One of the things that I often ponder is the relationship between the Christian and wealth. That is, how much wealth should I accumulate, how much luxury should I enjoy before it starts becoming a spiritual issue. This has spurred me to have a number of charities that I have given to, and one that I contribute to on a regular basis. It has also made me wary of having too much stuff. In a way, the army has been good training in detachment, since I have had to move around so much. I can fit everything I own in the back of a 14 foot Uhaul (most of that space being taken up by boxes and boxes of books) and even with that I still own a lot of things that I hardly ever use.
A bank account is similar. I am not a great spender. I am more of a natural saver, but I don't like seeing my bank account getting too fat. Usually when it gets too high I have made a major donation or loaned it out to someone and gotten rid of it. Right after getting back from Afghanistan I got rid of most of it by buying a truck. Suffice it to say, I am 28 years old with not even the beginnings of a retirement plan. My reasoning is simple. I have enough to get by, God keeps sending me more, so obviously He is taking care of me. Why shouldn't I spread the blessings around?
Things change, though. My life is changing. Next year I am going to be getting married, quitting my job, and going to school. All three of those are things that require money, especially the last one. I will no longer be responsible for just myself. So I am doing two things I have never had to do before. I am planning, and I am saving. I am carefully limiting my expenditures, keeping track of my income, balancing the costs of education both in time and money and the need to care for and provide for a family, and not just financially; against the job I want to do (go to med school be a doctor) and the resources I have, i.e. savings, the G.I. Bill, Army tuition assistance, experience and certifications. And these plans are not solo plans. They have to be mutual plans, which is a whole different kind of adventure!
So my savings account is growing, rather quickly as such things go, and the presence of money in my savings account is making me antsy. It is getting up to the point where traditionally I have just chucked it. You see, like most people who naturally save rather than spend, I find it perilously easy to cross the line into hoarding, rather than saving. The gradually increasing number in the savings account becomes an end in itself, and then I become worried about how much I have, niggardly over little expenses, and just plain have less fun living. That's why I have never saved more than a few dozen grand.
Now, since I don't have the option of just chucking it, I have to find another way to practice detachment. I am finding that I need constantly to be reminded of the purpose of saving, and indeed the purpose of money at all. To put it succinctly, the only purpose of money is to do good things for people. That is it. It has no other value.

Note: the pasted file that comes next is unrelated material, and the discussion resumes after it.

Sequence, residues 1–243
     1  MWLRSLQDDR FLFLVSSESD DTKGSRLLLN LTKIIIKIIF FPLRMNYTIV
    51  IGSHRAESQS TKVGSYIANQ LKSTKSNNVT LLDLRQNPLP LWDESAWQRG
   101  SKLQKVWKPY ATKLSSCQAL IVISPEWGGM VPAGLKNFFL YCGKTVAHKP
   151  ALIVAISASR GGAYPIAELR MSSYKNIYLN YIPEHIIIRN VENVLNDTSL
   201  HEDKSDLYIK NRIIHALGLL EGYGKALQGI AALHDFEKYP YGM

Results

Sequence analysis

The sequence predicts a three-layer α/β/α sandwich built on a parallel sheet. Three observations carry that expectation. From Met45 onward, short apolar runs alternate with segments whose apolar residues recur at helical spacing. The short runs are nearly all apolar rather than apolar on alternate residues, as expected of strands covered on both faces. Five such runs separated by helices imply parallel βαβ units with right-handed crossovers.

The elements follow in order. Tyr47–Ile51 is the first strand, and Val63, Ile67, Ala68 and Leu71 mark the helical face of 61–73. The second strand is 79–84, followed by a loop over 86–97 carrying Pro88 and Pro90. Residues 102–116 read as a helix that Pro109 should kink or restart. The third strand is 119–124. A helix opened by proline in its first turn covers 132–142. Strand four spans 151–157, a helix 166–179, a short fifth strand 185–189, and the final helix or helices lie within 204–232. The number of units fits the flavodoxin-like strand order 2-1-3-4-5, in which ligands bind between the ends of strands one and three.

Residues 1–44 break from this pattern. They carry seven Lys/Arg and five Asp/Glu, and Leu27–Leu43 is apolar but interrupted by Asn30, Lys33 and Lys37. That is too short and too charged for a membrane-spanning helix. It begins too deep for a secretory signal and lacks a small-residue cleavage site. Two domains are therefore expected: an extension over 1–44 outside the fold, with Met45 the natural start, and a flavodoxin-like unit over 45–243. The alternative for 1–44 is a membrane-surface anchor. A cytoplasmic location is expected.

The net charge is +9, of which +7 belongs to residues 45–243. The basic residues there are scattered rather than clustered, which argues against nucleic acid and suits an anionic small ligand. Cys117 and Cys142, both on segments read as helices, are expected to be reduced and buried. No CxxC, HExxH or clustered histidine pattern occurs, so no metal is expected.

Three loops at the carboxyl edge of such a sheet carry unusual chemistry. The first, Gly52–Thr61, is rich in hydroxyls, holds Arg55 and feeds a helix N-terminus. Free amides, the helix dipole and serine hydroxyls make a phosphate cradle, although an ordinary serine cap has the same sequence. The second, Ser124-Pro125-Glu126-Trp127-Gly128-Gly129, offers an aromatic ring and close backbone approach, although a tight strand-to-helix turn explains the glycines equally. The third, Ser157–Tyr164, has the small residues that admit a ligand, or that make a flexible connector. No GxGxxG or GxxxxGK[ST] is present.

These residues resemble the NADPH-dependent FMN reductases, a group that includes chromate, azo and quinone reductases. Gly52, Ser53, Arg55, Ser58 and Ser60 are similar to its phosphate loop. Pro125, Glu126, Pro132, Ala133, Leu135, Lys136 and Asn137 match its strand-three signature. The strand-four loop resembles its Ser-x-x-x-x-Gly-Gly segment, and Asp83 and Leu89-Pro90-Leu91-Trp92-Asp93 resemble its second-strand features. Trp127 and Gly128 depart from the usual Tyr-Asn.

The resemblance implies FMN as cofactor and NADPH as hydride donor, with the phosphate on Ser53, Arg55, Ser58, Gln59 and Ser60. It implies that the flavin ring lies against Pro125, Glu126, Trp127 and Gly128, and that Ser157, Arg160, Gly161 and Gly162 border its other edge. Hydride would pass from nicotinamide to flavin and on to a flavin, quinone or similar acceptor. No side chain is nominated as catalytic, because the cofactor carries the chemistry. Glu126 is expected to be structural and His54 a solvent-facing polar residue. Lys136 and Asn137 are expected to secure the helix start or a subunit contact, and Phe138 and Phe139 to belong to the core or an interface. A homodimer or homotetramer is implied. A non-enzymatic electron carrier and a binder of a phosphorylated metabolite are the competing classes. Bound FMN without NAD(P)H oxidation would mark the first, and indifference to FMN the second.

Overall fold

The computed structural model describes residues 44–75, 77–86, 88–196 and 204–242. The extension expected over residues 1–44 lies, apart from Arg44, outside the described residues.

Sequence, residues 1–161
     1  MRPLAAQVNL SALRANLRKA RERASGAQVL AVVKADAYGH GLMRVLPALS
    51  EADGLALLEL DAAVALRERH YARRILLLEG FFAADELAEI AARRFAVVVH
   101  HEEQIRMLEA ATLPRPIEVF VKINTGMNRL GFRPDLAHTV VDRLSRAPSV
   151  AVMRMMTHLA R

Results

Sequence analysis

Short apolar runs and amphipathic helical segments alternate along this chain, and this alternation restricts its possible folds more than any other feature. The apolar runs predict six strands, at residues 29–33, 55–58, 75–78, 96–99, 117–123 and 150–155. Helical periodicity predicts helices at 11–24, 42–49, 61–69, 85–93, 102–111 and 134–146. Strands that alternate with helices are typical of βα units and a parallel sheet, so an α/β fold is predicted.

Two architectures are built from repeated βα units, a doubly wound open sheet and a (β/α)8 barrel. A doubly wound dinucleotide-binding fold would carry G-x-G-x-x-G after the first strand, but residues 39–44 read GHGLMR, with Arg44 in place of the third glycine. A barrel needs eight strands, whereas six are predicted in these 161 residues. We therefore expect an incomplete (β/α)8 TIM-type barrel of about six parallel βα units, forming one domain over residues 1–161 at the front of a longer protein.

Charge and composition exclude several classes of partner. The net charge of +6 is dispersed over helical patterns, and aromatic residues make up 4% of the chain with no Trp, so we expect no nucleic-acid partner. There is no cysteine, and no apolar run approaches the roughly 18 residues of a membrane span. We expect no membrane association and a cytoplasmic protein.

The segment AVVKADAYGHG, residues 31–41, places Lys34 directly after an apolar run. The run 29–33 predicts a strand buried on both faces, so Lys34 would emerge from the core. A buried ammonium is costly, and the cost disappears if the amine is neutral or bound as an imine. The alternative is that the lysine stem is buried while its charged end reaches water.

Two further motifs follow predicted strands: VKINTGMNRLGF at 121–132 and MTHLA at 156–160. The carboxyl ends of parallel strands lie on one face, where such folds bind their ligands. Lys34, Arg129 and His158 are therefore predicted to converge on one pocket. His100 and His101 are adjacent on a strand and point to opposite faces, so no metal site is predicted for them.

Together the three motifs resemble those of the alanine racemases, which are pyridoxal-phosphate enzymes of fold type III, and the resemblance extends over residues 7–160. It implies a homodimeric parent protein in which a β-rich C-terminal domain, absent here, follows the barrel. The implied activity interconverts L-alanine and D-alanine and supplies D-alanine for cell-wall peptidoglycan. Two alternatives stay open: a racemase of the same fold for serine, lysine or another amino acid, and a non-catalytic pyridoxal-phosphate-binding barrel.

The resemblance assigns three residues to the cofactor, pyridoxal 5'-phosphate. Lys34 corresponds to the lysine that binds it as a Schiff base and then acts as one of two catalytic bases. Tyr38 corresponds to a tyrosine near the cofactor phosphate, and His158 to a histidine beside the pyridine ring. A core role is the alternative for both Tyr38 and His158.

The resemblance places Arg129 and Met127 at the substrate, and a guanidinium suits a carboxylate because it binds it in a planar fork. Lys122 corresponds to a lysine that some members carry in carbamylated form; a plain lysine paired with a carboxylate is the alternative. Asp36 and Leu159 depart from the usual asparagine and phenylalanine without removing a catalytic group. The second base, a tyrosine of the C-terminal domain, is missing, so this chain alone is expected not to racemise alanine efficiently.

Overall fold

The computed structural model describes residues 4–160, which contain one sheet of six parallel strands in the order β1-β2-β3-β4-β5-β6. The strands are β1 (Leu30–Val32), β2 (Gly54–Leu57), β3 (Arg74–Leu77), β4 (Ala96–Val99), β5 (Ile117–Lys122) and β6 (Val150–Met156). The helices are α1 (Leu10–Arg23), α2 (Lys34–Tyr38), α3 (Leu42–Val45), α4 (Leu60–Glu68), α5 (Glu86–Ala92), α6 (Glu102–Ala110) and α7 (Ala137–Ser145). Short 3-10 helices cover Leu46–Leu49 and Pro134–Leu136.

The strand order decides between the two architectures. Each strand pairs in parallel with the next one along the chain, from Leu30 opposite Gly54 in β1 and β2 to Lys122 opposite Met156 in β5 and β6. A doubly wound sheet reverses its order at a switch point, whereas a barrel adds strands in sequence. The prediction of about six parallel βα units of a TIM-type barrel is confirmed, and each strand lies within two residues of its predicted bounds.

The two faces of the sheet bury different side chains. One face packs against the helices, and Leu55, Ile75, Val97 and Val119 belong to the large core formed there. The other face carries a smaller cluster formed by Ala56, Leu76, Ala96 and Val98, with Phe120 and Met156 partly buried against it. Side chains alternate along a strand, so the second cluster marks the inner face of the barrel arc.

To remind myself of this I find that periodically I need to spend some money doing something frivolous for someone. I am not talking about giving money to charities, or tithing or anything like that. That is not frivolous giving, that is necessary giving. That provides (hopefully) real needs for real people. No, what I am talking about is something that is truly not necessary, like a pizza party, a baby shower gift, a "just because" surprise, even a simple ice cream cone, or an appetizer for the table. I am talking about anything that will make someone happy and cost me some money. Do they need it? No. That is the point.
Making frivolity a priority from time to time keeps me cognizant of the true purpose for my saving ways, which is not simply to see how big a number I can build in my savings account. That purpose is to do good for people. The dollars that I will spend on my family will do good for them. The money that I will spend on college tuition is an investment in the good that I will hopefully be able to do for others as a result.
However, it also teaches me detachment, because it is an act of trust, an act of letting go of control. I need to be detached enough from my life's savings that if a bank glitch or government shutdown comes along and wipes the whole thing away down to the last penny, I will be able to shrug my shoulders and say, "God has a reason." (Lest you think I jest, this was my Dad's actual response when our barn burned down, killing two thirds of our dairy herd and torching all of our hay.) I need to be able to trust that God will take care of me and my family. Whether he does that through the money I earn, the money I save, the money my fiancee (and someday wife) earns or saves, or through some other means entirely. More to the point, even if I do succeed in saving enough and earning enough to support my family and give to others and whatever other projects my wife and I want to undertake, it will not, ultimately, be us doing that. It will be God, and we will just be His instruments.
Frivolity is so necessary to this precisely because it is frivolous. There is no serious purpose. It is extra, which reminds me that God has not simply filled my needs but given me extra, and called me to imitate that generosity. Beyond that, frivolity is an entering into God's nature of self-giving, because in the final analysis, we are all frivolous. The universe itself is unnecessary. All creation is unnecessary. God did not have to create us. He did so just because He wanted to make us happy. That is it.
Sometimes, in the midst of a world in which it seems like we always have to be grasping, scratching, fighting just to get by, it is important to do something frivolous for someone else, just to remind ourselves not to be stingy. God isn't.